Watch Now: Tiger Woods is shaping up to be a dangerous predator in the Masters (1:20)

I never saw "Tiger Woods as the 2018 Masters favorite" coming -- I'm not sure anybody did -- but here we are two weeks before Augusta National with Big Cat as the Las Vegas favorite.

It's not really that big of a reach, either, as Vegas artificially inflates Woods' odds because everybody wants a Tiger ticket to hold on Sunday. In this case, he's also coming off of three straight top 15 performances and is No. 7 in strokes gained overall on the PGA Tour.

You could argue that each of his five performances this year has been better than the one before it.

All of that plays nicely at the place he probably knows as well as anyone in the world. But Woods said Sunday that there's still much work to be done before teeing it up two weeks from Thursday at the 82nd Masters.

"I need to go take a look at it," Tiger said of the course. "I haven't putted on bent grass in two years. So this is going to be new to me. Playing on rye like that, overseeded rye, different spins that we're going to encounter there. I was talking with [caddie Joey LaCava] about that early in the week. I'll figure out what wedge system I want to use for that week, what bounce system, get used to those bunkers, sand's very heavy, thick. So just have to do a little bit of work.

"I got to see if my book is any good. I have a book from three years ago, but ... I think they may have resurfaced three of the greens since last time I played. I want to go up there and make sure and then take a look at all my reads on my putts and see if they match my book. If they're not, then obviously I got to erase and draw some more lines."

Tiger's history at the Masters is well-documented. He has 13 top 10s in 18 appearances as a professional, including four wins. Maybe the most remarkable performance of his career came in 2015 when he took two months off before playing in the third-to-last pairing on Sunday and finishing T17.

"I'm looking forward to it," Woods said of his first Masters since 2015. "I haven't really thought that much about it, especially this week [at the Arnold Palmer Invitational]. I've been grinding and focusing on this week, trying to win this thing. Now the tournament's over, I'll start to make some changes for Augusta, what kind of equipment setup I'm going to go with, some things I want to do with my swing."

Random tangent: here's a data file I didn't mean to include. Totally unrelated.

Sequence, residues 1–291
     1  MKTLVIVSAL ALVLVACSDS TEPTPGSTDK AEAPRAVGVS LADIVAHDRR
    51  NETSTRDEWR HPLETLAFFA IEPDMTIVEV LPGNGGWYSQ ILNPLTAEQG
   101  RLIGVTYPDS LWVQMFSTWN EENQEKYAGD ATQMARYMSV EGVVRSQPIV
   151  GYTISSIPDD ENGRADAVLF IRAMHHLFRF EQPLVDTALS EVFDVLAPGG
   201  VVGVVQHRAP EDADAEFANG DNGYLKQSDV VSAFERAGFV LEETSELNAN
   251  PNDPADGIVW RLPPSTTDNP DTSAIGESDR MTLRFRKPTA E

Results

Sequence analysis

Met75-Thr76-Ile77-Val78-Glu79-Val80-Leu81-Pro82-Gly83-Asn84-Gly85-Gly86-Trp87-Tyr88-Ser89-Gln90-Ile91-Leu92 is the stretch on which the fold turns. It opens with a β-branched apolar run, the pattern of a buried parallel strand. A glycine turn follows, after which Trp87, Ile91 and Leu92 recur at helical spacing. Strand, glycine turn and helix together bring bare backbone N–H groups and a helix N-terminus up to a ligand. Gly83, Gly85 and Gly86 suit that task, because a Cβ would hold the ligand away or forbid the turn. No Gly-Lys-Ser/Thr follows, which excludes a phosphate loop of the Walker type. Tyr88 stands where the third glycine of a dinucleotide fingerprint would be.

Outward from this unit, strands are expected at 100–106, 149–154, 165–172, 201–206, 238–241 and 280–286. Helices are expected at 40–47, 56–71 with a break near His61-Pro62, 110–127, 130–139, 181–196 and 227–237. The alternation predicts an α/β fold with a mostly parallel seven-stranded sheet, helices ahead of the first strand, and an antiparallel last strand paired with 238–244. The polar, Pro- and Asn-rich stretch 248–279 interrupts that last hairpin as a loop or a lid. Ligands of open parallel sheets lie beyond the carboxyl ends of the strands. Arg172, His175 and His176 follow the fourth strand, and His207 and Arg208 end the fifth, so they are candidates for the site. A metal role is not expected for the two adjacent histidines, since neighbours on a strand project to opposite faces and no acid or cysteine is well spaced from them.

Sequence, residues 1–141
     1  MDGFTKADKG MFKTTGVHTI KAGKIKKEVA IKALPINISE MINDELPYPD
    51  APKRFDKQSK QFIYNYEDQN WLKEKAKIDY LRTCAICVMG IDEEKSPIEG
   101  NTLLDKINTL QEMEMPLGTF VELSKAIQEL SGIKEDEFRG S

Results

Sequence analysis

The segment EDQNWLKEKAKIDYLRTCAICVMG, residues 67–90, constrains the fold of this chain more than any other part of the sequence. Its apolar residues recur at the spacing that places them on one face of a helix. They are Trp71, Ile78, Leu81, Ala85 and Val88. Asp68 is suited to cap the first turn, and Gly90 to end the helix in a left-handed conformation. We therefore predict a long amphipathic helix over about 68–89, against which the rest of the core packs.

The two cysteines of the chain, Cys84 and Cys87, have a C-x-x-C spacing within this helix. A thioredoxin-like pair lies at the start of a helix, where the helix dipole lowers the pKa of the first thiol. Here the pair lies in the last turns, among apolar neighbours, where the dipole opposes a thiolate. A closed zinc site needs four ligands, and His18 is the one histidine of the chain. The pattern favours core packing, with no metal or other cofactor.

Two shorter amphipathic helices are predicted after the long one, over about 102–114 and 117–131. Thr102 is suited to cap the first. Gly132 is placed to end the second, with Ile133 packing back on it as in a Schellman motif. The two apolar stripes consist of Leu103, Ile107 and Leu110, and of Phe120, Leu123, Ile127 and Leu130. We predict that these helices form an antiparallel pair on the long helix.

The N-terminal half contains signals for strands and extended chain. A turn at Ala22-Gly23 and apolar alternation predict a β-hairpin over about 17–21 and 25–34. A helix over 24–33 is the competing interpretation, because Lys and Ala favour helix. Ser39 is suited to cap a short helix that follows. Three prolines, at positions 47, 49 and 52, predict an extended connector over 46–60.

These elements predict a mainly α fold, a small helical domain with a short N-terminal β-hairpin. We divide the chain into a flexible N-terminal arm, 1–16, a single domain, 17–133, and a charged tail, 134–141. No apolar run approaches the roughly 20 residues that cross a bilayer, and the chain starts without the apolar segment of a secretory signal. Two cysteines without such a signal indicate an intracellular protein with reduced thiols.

A suggestion: keep everything as it is and hit a lot of irons and 3-woods off the tee.

Woods is in the top 15 in strokes gained on approach shots, around the green and with the putter, but he's 148th in strokes gained off the tee and took himself out of the event at Bay Hill on Sunday by hitting a ball out of bounds late. He's good enough and smart enough to get around Augusta with his long irons. The stinger plays, and it looks fantastic through five events.

"I miss playing there," added Woods. "I've been there for the dinner and as great as that is, it's frustrating knowing that I'm ... young enough to play the event, where some of the other champions are not. I just have not been able to physically do it, which is difficult. I've had a lot of success there, too, so really looking forward to getting up there and doing a bit of work and getting a feel for the golf course and basically feel for playing that style of golf again."

With the winners we've gotten over the first three months of this year and Tiger really mixing it up again, the Masters looks like it's going to be completely bonkers. Everybody knows it -- including Tiger.

There are two events remaining on the schedule before Augusta, but Woods won't play either one of them. He doesn't qualify for the WGC-Dell Technologies Match Play and will skip the Houston Open. 

Still, he was asked on Sunday if back in December when this latest comeback started whether he could have expected a better body of work through five tournaments His answer was simple and should buoy the feeding frenzy going into the first major of 2018. Tiger looked up at reporters to answer his last pre-Masters week question.

"No," he said.

And that was that.